Places of the Camino
It is said that every pilgrim is a Camino, and this phrase makes sense if we consider that the experiences lived along the Camino make it unique for each pilgrim. But if we wanted to know all the Caminos de Santiago that existed, how many would that be? To be honest, many.
The different Caminos de Santiago have been opening up throughout the centuries to take pilgrims to Compostela from all of the cities of Spain and much of Europe, so it is not surprising that there are many other options besides the more popular ones, or even officially recognized ones. Today we want to talk about these Caminos, which is why we have elected five alternative and seldom-travelled options to prepare for your next Camino. Are you ready? Then let's begin;)
When news of the discovery of the remains of the Apostle Santiago spread in Galicia, many Christians who lived in the Arab kingdoms in the southern peninsula began to travel this Camino to later link to the Vía de la Plata and then reach Compostela. These Christians were given the name Mozarabic, which explains the origin of this Camino name.
The marked itinerary followed the route of the same communication routes that had been already established in Roman times, therefore its antiquity is notorious. Regardless of this, today the Mozarabic Way presents several alternatives according to the places where you wish to start, since what you want to do is consolidate several Caminos that, searching for Santiago, depart from the Eastern provinces of Andalusia.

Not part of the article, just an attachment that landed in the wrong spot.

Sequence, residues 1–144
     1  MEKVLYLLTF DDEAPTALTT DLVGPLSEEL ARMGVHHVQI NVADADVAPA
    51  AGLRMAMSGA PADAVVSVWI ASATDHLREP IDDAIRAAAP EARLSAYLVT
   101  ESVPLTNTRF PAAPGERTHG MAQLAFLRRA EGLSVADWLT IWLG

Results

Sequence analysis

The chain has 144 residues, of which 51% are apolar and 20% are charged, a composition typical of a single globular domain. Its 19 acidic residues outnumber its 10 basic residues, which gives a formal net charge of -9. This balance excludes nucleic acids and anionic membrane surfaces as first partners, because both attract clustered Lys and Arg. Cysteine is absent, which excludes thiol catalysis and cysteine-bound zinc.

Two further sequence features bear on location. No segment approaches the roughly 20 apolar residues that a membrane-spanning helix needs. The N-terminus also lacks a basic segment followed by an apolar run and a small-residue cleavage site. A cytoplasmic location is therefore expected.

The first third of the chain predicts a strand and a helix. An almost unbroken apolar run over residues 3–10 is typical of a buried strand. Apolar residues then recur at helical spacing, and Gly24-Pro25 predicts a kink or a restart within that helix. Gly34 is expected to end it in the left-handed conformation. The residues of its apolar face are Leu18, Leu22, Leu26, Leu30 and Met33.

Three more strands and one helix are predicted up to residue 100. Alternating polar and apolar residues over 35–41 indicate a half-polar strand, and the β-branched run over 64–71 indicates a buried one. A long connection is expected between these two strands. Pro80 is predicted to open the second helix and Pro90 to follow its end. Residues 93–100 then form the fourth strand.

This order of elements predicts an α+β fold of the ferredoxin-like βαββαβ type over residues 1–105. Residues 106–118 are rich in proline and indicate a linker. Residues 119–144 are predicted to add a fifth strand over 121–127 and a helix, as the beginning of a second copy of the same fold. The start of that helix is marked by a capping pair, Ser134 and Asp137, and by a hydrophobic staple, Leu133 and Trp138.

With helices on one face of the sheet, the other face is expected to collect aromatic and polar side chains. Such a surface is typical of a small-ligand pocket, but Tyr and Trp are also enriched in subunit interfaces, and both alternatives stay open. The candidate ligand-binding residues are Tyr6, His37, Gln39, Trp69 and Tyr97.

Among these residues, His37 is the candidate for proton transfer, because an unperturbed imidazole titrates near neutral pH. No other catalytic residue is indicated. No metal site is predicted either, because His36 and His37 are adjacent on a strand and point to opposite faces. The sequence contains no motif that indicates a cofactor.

Thus, cities like Jaén, Almería, Málaga or Granada are united in a single path that ends up converging in Cordoba, to then join the Vía de la Plata in the city of Mérida.
Camino de Madrid
There is an interesting situation about this Camino, and while Madrid is the Autonomous Community that most Spanish pilgrims have travelled to in at least the last decade, very few begin their pilgrimage in this city, which, based on tradition, would be the most logical option. This may be for several reasons, but the reality is that most pilgrims are unaware of the existence of this Camino, therefore it is not even considered when the time comes to begin a pilgrimage.
The Camino de Madrid begins at the Church of Santiago, from which there are a total of 12 stages and more than 320 km to reach Sahagún, where you will join the Camino Francés to reach Compostela. The route is very attractive both for its monumentality (crossing Segovia is a necessary stop to visit the aqueduct) and for its towns, its gastronomy and the fact that crossing the elevated Navacerrada mountain range provides an unforgettable landscape.
The Wool Route
Despite what many believe, not all of the Caminos de Santiago arose from pilgrimage, and the Wool Route is proof of this. The origin of this Camino is purely commercial and goes back to the sixteenth century, when Burgos was the wool capital.
At that time, La Mancha shearers and farmers used this route to get there, so the popularity of this Camino was evident even before becoming a pilgrimage route to Compostela.